They are quite meditative, I must say. And they've been burning the whole time A. has been gone.

Thus, Ronnie Milsap performs my theme song for the week.

Here's me taking my bow. And washing soot off my hands for the fiftieth time.

* It has occurred to me that since I still get up with Poppy at least twice a night, I could actually shove a piece of wood in there on my way through the kitchen, but . . . no. Shuffling into her room to feed her is challenging enough without adding a live fire and splintery wood into the mix at 2 a.m.

Wednesday, January 9, 2019

Sucks To Be You

So you decide it's time to take down the Christmas decorations and tree, since Epiphany was actually three days ago. You do not enjoy taking down the Christmas tree, so you get a Chris LeDoux album going on YouTube to make it less painful, haul out the boxes and bags to store the ornaments and lights, and . . . the baby wakes up from a too-short nap.

You decide you're going to put away the Christmas stuff anyway, dammit. You start quickly taking down ornaments and decorations, throwing some of the unbreakable things in the baby's direction to keep her distracted while you put away the breakable things.

This does not work. The baby cries because you will not let her chew on the lights you are untangling from the tree, causing a veritable hailstorm of dry needles to come down, even though there is plenty of water still in the tree bucket. As you discover when you try to lift it.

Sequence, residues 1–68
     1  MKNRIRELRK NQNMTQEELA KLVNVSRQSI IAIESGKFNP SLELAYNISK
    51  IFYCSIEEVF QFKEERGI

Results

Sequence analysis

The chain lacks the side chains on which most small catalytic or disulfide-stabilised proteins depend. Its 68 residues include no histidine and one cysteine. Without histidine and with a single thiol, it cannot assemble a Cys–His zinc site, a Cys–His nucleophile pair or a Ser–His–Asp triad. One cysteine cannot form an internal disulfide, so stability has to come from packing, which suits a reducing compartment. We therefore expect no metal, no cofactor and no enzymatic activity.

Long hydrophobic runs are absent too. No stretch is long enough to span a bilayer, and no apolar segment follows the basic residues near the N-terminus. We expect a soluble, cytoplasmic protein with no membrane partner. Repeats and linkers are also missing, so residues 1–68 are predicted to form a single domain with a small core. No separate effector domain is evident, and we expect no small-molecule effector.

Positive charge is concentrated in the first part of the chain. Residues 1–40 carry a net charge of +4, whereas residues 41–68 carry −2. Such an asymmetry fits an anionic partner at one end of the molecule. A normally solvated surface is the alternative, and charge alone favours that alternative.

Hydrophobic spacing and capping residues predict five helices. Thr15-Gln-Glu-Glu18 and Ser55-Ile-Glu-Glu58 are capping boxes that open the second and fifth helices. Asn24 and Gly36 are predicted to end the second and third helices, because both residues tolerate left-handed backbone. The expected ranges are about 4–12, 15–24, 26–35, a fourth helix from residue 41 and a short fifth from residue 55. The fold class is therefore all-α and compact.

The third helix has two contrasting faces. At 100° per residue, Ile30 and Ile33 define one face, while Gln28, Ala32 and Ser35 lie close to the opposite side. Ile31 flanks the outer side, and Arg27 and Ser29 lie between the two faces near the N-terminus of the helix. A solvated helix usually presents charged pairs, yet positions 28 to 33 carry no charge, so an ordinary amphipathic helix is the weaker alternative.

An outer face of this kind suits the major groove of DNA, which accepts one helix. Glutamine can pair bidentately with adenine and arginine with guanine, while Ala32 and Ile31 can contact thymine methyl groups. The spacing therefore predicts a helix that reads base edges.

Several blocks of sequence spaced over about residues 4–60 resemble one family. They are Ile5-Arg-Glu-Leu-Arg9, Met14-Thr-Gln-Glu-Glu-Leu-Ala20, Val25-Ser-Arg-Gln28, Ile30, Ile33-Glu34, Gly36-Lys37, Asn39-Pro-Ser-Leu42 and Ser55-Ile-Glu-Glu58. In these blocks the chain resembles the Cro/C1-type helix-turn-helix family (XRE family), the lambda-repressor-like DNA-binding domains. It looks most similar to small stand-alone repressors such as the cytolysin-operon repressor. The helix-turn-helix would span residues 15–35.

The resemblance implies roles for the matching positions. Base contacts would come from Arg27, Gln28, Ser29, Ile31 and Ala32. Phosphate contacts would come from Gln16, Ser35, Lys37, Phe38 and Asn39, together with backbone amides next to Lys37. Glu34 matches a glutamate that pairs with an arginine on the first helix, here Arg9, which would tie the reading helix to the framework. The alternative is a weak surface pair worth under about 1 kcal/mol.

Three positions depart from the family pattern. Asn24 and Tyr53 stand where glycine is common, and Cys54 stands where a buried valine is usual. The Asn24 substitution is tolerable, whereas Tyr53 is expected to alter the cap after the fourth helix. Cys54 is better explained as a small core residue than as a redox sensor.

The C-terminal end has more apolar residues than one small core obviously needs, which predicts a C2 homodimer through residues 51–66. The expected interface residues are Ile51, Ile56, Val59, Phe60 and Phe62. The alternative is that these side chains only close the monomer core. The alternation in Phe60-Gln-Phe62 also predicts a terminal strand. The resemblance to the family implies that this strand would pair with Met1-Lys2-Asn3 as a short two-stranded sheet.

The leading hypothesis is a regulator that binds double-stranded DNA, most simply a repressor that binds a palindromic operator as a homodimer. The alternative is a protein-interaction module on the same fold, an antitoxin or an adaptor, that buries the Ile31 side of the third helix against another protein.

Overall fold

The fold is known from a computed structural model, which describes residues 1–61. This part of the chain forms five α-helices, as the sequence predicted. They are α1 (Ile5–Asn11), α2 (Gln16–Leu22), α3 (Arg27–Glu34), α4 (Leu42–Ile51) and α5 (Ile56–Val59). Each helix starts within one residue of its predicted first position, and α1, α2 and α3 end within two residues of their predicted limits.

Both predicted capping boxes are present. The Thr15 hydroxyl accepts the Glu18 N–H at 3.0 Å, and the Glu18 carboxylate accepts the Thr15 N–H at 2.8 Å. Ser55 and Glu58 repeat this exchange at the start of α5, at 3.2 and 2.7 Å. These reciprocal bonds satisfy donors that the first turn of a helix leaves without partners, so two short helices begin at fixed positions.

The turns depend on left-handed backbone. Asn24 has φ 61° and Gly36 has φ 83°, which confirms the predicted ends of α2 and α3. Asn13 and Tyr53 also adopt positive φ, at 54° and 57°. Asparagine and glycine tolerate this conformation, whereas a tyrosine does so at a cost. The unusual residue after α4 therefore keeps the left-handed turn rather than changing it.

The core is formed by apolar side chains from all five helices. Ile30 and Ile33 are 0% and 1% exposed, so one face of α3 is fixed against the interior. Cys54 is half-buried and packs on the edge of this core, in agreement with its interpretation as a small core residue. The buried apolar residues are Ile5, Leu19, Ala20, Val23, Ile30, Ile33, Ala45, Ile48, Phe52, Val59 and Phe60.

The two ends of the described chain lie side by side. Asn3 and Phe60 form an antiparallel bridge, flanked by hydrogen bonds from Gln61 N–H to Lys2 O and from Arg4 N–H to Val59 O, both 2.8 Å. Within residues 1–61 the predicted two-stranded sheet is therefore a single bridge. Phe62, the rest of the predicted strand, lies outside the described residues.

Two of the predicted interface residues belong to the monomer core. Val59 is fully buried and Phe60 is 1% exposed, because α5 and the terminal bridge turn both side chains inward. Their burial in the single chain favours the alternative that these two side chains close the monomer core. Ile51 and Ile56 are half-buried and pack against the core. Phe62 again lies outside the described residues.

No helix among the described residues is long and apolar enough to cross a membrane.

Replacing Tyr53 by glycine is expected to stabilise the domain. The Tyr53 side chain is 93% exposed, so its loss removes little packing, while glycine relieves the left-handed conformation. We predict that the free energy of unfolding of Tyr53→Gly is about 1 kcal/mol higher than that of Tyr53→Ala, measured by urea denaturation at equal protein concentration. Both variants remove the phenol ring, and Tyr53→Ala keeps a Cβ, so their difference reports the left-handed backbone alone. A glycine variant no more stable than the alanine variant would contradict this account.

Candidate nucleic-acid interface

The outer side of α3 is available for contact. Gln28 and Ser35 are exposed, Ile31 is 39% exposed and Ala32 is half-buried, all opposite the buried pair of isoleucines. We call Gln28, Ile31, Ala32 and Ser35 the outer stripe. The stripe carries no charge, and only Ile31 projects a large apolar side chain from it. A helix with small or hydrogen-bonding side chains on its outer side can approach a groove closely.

The baby stops crying when she realizes she can climb on to the small bench the tree was on. She starts crying again when she falls off of it.

You pause for baby comforting, but then grimly soldier on after she calms down. This time, you put her on the big hide-covered bench with a magazine to rip up while you vacuum up the tree needles as fast as you can.

This is when you discover that pinyon needles are so long and stiff that they will clog your vacuum. So you open up every part of the vacuum that will open and dump out the needles into the children's tambourine, as that is the only receptacle to hand.

The baby wants the tambourine full of dirt and needles. She is unhappy when you deny her this treasure.

You then discover that the last remaining part of the vacuum that is clogged up will require a flat-head screwdriver to address. This means a sprint to the shop for the tool and getting back before the baby realizes you aren't in the same room.

Finally, the needles are disposed of and the vacuum is in working order again. You clean up the pieces of ripped-up magazine from the bench, put away the vacuum, and make a mental note to just use the broom or something next year to clean up the tree needles.

(Go ahead and change all instances of "you" to "I," and there you have my morning.)

Tuesday, January 8, 2019

Real Life

You know those people online who only post pictures of their smiling children in perfectly styled clothing? Or only post pictures of their houses when they're perfectly clean and carefully arranged?

I am not one of those people. This is the view from my kitchen most days:

I couldn't have staged this if I tried.

But hey, at least no one is screaming/crying/hitting anyone else! That's as good as it gets around here.

Sunday, January 6, 2019

A Long-Distance Farewell

Very, very sad news from Blackrock: The MiL's dog Sky was killed on the road in front of the house this weekend. He was chasing a deer on the lakeshore and was hit by a car on his way back across the road. 

The MiL said he was killed instantly and didn't suffer, which I suppose is some comfort. But still. He wasn't even three years old. It was definitely too soon to lose him.

Good-bye to one of the cutest puppies that ever was.